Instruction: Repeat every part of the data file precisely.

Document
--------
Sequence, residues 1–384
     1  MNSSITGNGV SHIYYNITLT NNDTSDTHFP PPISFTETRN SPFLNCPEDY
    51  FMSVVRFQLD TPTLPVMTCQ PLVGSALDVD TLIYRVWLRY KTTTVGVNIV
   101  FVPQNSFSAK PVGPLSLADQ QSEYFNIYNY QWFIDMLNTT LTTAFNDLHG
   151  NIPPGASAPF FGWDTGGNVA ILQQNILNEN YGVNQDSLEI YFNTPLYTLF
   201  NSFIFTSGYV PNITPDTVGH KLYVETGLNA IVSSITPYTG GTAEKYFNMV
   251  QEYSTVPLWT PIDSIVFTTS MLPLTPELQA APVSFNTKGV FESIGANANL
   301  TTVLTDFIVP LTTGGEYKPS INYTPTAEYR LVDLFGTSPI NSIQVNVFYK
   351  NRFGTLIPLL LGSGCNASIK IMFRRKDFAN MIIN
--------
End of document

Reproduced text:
Sequence, residues 1–384
     1  MNSSITGNGV SHIYYNITLT NNDTSDTHFP PPISFTETRN SPFLNCPEDY
    51  FMSVVRFQLD TPTLPVMTCQ PLVGSALDVD TLIYRVWLRY KTTTVGVNIV
   101  FVPQNSFSAK PVGPLSLADQ QSEYFNIYNY QWFIDMLNTT LTTAFNDLHG
   151  NIPPGASAPF FGWDTGGNVA ILQQNILNEN YGVNQDSLEI YFNTPLYTLF
   201  NSFIFTSGYV PNITPDTVGH KLYVETGLNA IVSSITPYTG GTAEKYFNMV
   251  QEYSTVPLWT PIDSIVFTTS MLPLTPELQA APVSFNTKGV FESIGANANL
   301  TTVLTDFIVP LTTGGEYKPS INYTPTAEYR LVDLFGTSPI NSIQVNVFYK
   351  NRFGTLIPLL LGSGCNASIK IMFRRKDFAN MIIN